By Alex Lawler and Stephen Eisenhammer
LONDON (Reuters) - Middle Eastern oil producers face a mountain of challenges in the next two decades as Russia and South America strive to replicate the U.S. shale oil boom, while demand jumps in the region's domestic markets.
Oil company BP <BP.L> said in its influential annual outlook issued on Wednesday that Middle East energy use will grow by 77 percent by 2035, double the increase in production, meaning as little as 65 percent of oil output will be available for export, down from 72 percent.
This could put additional pressure on government budgets of countries such as Saudi Arabia that depend on oil export revenue, at the same time as supply from shale oil and other non-conventional sources meets the bulk of global demand growth.
BP expects Russia and South America to join the United States in tapping shale oil over the next two decades, indicating the shale boom that has transformed the U.S. energy market can, to some extent, be repeated in other countries.
"The second-biggest coming in over time is Russia and then South America, and in South America Colombia and Argentina," BP's chief economist, Christof Ruhl, said at a news briefing, referring to sources of shale oil growth outside the United States.
BP's prediction that countries other than the United States will partly re-create its shale oil boom contrasts with other long-term energy forecasts. The Organization of the Petroleum Exporting Countries, for example, assumes shale production will have no impact outside North America.
The United States will become energy self-sufficient by 2035, BP said, a more concrete forecast than previously, as the shale boom allows it to surpass a previous 1970 peak in oil output and as gas supply rises. North America will become self-sufficient even earlier, in 2018.
The Middle East remains the world's largest oil exporting region and also becomes the largest consumer of oil and other fuel liquids per capita, surpassing North America, by 2035 consuming over three times the amount per person than the global average, BP said.
Low, often subsidised prices for gasoline and electricity give Middle East residents little incentive to switch to fuel-efficient cars from gas-guzzlers, or cut their use of air conditioning in one of the world's hottest climates.
At the same time, countries' efforts to develop their economies beyond oil are leading them into energy-intensive industries such as aluminium smelting.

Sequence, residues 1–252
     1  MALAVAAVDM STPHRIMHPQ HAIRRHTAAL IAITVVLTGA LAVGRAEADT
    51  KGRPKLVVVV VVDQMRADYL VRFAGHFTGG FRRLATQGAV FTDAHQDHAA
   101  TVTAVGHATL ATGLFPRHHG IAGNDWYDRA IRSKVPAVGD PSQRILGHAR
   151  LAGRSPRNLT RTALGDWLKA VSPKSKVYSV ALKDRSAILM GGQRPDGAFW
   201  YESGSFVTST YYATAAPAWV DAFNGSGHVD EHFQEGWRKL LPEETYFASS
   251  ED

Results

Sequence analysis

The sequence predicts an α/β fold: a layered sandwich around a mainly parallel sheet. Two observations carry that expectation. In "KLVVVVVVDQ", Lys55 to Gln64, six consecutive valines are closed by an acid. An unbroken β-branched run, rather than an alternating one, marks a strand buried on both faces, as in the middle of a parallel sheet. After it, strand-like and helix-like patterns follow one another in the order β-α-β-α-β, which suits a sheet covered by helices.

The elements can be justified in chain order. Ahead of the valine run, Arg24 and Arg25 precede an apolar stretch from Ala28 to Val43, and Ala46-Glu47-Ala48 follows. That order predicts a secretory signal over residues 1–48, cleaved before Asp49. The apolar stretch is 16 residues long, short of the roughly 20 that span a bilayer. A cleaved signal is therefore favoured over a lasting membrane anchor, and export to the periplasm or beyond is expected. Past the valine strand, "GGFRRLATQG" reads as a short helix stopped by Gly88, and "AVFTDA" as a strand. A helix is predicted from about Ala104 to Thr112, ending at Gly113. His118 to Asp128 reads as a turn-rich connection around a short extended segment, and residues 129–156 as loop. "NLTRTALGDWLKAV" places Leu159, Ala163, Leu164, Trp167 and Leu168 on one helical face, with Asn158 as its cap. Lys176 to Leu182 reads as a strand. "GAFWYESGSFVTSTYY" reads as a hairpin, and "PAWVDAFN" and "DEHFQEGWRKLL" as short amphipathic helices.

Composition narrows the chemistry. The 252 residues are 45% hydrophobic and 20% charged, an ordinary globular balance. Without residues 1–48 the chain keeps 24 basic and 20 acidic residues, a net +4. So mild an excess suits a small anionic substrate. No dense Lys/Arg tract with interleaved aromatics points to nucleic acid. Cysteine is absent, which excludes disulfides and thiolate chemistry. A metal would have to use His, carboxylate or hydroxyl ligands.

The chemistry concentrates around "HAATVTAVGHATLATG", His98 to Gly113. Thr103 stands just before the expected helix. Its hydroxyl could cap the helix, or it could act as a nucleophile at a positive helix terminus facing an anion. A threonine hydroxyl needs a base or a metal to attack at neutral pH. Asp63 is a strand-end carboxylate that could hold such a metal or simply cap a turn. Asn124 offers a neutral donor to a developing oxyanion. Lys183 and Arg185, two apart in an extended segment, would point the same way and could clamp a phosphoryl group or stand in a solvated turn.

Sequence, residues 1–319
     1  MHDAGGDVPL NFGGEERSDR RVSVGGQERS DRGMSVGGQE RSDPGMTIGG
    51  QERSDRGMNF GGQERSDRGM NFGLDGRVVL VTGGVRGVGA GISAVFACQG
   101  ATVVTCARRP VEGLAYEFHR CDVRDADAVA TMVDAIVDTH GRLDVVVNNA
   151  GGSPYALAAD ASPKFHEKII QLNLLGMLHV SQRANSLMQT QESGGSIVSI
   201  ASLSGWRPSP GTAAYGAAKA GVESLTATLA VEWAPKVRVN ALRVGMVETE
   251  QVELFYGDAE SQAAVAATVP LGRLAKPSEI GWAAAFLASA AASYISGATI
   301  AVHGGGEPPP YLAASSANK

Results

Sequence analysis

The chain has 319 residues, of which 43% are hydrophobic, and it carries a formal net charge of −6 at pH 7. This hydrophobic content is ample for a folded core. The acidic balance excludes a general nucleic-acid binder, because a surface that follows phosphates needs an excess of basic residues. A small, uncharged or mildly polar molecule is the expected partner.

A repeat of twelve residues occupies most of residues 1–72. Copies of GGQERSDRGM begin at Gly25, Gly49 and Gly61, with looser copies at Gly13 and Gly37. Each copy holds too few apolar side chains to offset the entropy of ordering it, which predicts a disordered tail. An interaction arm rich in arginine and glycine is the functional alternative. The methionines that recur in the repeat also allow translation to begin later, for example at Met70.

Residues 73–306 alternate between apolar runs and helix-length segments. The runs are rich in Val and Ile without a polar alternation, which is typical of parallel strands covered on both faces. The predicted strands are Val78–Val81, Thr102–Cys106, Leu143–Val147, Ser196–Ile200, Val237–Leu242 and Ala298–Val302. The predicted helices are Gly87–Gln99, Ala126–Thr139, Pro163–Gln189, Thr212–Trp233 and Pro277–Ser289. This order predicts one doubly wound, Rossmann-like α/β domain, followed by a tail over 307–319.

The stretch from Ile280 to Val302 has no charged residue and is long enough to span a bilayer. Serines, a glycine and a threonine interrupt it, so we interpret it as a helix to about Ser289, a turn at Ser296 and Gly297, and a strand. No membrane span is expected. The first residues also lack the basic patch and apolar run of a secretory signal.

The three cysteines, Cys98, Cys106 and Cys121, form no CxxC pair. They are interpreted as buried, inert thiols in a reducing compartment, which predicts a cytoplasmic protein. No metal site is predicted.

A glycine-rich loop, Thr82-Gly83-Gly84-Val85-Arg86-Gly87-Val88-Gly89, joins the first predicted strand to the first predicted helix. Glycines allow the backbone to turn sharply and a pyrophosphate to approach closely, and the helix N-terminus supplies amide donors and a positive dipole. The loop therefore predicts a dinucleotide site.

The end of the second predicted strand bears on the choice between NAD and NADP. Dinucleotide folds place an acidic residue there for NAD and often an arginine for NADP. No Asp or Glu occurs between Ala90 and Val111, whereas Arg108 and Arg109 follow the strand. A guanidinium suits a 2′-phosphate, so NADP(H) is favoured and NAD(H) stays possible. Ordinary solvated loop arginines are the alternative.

World oil demand will rise to 109 million barrels per day (bpd) by 2035, up 19 million bpd and led by China, India and the Middle East. Even so, oil will be the slowest-growing fuel over the period.
BP expects Russia and South America to contribute about 1 million bpd of shale oil each by 2035 and that oil from tight rock formations will account for 7 percent of global supplies in 2035, Ruhl told reporters.
Still, the entry of other producers will not prevent a slowdown in the rate of supply growth.
"What we have is very rapid growth right now, and decelerating over time," Ruhl said.
U.S. oil imports peaked in 2005 at over 12 million bpd and 60 percent of demand, and they will decline to less than 1 million bpd, less than 10 percent of U.S. demand, during the forecast period, he said.
This is the fourth year that BP, a publisher of benchmark energy statistics for over 60 years, has issued its long-term energy outlook. This year's report looks to 2035, five years longer than previously.
This survey marked the first time that BP predicted exactly when the United States would be energy self-sufficient. Last year's report said it would "nearly" happen by 2030.
While the United States becomes a net exporter of natural gas by 2017, shale gas over the next two decades will have no such impact in Europe. The European Union will see its gas import dependency rise to 84 percent in 2035 from 66 percent.
Fossil fuels remain dominant in the energy mix to 2035. Gas and coal will account for 54 percent of global demand while the share of renewables grows to 7 percent from 2 percent.
(Additional reporting by Nina Chestney, editing by Jason Neely)